I left my apartment on Friday to find a small, yet very concerned group of bicycle protestors standing on the sidewalk of 14th and 1st. On the other side was an equally sized mass of bicyclists. Since I was without my bike at the time, it was easy enough to blend into the two opposing groups.. I quickly learned that the protest was organized by a woman named Leslie Sicklick and the supporters of the protest all carried an anti-Bloomberg mentality. The first man I spoke to complained to me about being hit by a bicyclist three times and having his dog run over by a bike once as well. To this, I bluntly replied that its better than being run over by a bus. He wasnt amused, so I moved on.
There seem to be a number of issues at hand.
- Why is Bloomberg spending millions of dollars a year on bike lanes that only help the minority of bicycle riders in NYC?
- Why don’t bicycle riders use the bike lanes after they are built?
- Is it okay for bicyclists to break traffic laws?
The first issue is by far the most important, and the most difficult to answer. The fact is bike riders are a minority in NY, but this doesnt mean we don’t deserve the same amount of respect and safety measures as cars or pedestrians. Imagine if the city got rid of the crosswalk signals. It would be utter chaos. Just as pedestrians need some sort of precautionary mechanism to tell them when to walk or not, bicyclists need some protection from vehicles. And being a minority should have no impact on the decisions to build these bike lanes. We are all equal under the law. This is no exception.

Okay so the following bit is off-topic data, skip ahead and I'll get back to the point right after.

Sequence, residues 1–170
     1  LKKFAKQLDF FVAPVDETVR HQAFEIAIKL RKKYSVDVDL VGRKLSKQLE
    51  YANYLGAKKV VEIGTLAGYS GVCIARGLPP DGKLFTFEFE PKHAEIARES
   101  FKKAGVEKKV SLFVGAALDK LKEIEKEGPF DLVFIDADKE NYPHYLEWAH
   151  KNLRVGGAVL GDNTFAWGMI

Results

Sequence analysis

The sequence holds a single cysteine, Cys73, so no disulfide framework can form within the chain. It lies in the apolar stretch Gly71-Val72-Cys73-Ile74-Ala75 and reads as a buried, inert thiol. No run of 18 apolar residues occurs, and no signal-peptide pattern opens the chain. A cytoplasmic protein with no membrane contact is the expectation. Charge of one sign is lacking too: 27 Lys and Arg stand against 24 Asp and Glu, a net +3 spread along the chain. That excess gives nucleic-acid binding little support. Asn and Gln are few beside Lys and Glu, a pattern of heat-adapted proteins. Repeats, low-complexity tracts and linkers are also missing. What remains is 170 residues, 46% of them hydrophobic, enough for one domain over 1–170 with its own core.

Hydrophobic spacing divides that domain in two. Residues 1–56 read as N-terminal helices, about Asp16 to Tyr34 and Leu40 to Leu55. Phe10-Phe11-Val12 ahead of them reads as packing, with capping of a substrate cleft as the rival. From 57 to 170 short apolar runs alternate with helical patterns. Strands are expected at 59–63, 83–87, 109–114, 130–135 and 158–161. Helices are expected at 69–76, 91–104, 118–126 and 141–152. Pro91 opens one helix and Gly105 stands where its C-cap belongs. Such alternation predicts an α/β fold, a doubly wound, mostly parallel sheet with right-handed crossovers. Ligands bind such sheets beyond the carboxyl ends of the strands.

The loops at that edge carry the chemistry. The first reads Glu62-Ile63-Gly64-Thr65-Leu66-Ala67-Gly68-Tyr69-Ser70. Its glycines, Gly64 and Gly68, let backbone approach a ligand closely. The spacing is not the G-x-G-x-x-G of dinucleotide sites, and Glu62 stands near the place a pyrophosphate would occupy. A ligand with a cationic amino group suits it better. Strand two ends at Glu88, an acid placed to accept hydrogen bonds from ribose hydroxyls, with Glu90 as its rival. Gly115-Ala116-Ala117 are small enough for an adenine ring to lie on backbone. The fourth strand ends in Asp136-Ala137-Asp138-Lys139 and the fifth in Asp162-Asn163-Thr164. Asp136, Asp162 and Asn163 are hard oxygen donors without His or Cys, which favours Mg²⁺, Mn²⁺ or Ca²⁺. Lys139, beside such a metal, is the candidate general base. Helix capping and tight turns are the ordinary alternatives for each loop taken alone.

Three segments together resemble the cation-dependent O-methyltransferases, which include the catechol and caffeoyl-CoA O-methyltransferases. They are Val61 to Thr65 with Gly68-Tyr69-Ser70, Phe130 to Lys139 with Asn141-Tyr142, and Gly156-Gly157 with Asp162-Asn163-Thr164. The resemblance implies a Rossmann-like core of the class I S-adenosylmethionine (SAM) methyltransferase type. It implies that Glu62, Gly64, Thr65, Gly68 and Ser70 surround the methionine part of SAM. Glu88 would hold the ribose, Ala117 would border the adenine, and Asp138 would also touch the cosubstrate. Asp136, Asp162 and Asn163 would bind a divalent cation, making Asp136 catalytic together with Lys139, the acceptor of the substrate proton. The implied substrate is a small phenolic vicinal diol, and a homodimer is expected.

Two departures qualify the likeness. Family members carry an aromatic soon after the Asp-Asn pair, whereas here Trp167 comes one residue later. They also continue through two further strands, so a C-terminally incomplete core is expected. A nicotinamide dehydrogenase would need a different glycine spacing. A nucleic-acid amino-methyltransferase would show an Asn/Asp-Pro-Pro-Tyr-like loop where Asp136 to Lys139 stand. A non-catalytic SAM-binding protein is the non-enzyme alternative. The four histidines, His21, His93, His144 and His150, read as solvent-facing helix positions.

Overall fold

This leads us to the next issue, why dont we use the bike lanes? Put simply, they are still not safe. Cab drivers still dont look out when they turn, residential cars think its fine to double park, and trucks are temporarily stationed to load and unload goods. With all of this happening in the bike lane, its obviously much safer sometimes to ride in the car lane where we can be seen in between traffic.
The solution to this, as one lady on the scene told me, is Value Priced Parking. We need to limit the parking of residential cars on any street. The aim here is to have not more than 85% of spots taken at all times. Prices would be adjusted accordingly so that only drivers who are willing to pay will park. This will prevent idling traffic and help loading and unloading for commercial vehicles.
One final point. It’s not really okay for bicycle riders to break traffic laws. The problem is we are not the only ones breaking the laws. Cars run yellow/red lights and pedestrians cross when they are not supposed too. There will have to be equal effort amongst all parties to keep the roads safe. Until then we’ll just have to fend for ourselves. Ride on!